Ultimately, it is the editor who will decide whether to accept, reject, or ask for revisions on a manuscript. Therefore it is useful for the reviewers to make a recommendation. Accept and reject are self-explanatory, but revision recommendations may need clarifying. Most commonly:
Finding the line between revise and reject
In many cases, a major revision recommendation can be interpreted as a reject. Some journals, therefore, give several revision options in an attempt to distinguish those with a high chance of success from those that, even after substantial revision, are unlikely to be worthy of publication. This problem can also be addressed with a priority ranking (see below).
A number of journals include a questionnaire in the reviewer scoresheet, covering general issues such as originality, validity, and language. Relevant issues may be linked to the journal’s specialist concerns and publication issues, e.g. journals with page constraints may ask reviewers whether manuscripts could be shortened.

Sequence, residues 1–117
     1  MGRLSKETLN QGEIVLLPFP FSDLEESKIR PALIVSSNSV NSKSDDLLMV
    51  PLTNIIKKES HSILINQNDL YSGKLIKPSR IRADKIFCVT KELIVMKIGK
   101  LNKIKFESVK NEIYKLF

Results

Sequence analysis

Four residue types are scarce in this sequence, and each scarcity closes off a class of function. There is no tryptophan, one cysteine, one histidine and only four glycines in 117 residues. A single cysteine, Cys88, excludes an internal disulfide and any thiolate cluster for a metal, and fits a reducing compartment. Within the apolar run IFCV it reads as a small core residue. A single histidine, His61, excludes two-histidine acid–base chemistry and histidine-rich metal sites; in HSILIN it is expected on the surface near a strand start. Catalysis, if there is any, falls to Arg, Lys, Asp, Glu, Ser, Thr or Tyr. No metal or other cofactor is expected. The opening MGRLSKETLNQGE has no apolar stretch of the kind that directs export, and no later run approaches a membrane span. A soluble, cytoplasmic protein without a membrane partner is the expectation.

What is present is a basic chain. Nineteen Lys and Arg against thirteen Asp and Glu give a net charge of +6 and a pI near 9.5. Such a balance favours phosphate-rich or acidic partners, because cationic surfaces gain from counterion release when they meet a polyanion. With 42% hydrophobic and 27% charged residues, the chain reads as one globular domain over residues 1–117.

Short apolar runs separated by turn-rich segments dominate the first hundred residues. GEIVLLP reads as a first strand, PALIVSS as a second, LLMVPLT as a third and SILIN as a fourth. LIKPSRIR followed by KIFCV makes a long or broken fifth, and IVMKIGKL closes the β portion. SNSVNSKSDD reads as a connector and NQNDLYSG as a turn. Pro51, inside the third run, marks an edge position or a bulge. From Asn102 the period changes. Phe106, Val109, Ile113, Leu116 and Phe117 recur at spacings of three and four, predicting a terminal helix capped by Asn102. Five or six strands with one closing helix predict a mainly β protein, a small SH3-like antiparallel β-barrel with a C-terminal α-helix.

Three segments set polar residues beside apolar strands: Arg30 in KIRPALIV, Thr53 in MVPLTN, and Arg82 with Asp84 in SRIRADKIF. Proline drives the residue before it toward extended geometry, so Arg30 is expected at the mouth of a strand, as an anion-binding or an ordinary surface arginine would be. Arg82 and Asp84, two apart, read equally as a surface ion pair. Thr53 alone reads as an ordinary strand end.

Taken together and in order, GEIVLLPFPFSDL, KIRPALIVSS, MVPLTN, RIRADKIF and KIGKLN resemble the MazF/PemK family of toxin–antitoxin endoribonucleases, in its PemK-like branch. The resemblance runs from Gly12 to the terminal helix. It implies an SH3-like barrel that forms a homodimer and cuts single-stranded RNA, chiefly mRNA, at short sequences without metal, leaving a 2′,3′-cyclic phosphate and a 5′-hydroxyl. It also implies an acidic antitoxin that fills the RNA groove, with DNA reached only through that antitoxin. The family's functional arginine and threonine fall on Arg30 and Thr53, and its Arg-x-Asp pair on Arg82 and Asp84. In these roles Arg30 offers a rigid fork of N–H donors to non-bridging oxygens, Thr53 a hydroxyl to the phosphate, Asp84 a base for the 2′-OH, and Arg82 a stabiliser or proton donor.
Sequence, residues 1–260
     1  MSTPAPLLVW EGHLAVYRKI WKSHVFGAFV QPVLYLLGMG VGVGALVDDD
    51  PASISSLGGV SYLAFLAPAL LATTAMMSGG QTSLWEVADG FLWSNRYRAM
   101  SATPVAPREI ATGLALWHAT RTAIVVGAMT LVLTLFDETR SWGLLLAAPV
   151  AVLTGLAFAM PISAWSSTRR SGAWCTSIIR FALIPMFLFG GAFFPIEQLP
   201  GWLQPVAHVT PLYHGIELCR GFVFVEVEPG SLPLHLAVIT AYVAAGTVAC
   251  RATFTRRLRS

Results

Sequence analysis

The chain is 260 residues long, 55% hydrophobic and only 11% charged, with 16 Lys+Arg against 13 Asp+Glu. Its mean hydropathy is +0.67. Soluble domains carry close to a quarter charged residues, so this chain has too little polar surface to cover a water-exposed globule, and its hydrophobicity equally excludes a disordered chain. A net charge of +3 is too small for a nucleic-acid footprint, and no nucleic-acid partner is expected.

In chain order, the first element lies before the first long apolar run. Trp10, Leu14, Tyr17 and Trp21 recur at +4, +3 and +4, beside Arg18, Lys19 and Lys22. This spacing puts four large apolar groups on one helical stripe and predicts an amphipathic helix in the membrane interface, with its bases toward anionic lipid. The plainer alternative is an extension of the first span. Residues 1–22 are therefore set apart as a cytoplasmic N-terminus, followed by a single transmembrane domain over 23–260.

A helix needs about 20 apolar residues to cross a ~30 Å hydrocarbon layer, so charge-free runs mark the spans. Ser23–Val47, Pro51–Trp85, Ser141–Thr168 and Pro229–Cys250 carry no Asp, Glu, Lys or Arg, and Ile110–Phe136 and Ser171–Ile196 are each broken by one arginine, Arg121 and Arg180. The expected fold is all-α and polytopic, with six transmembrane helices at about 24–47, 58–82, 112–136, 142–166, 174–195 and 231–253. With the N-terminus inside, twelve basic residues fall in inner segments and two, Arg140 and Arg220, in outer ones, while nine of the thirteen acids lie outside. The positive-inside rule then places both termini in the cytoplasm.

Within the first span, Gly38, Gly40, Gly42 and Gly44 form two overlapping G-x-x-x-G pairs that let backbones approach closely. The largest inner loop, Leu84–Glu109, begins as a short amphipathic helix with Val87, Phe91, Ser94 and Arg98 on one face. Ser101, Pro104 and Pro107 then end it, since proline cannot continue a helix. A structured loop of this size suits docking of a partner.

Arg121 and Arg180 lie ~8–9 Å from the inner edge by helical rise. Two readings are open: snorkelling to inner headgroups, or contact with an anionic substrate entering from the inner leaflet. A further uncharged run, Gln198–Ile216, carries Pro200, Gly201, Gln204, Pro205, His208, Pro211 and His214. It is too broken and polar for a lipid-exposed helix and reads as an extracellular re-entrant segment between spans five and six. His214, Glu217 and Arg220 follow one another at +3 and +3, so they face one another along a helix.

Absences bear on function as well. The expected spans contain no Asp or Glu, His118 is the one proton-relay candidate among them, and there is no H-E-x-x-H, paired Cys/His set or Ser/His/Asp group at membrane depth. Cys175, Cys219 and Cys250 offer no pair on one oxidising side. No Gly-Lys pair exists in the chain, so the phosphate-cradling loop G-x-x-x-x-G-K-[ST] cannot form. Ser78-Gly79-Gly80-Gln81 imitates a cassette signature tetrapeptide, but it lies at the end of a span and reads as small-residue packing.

In addition to the questionnaire, some journals have added a Manuscript Structure section to the reviewer scoresheet asking for opinions on the length of article, the number of tables, and the number of figures. These might be ranked "too much", "adequate," or "too little". Tables or figures can be more informative than a lot of text, so reviewers may advise on how to make more efficient use of space.
A priority scale is a useful way for the reviewer to distinguish top-quality articles. This may be a numerical scale (1-10) but it may be more helpful to use a descriptive scale ("Top Priority", "Low Priority", etc.). A breakdown of criteria might prove helpful.
For example, a reviewer might be asked to rate the contribution that the paper makes to the field or its relevance to contemporary issues. Justification for publication consists not only of the quality of the paper, but also its originality and significance.
Every journal should give reviewers guidance about completing a reviewer scoresheet. This guidance should not just relate to how to complete the form but also give advice about what reviewers should be looking for. You should add this kind of guidance to the reviewer scoresheet and/or the review center. Some journals have chosen to write a 'reviewer guide,' which is sent out to new reviewers.
You can also direct reviewers to Wiley's Reviewer Resource Center.
A link to the journal's author guidelines can also be useful.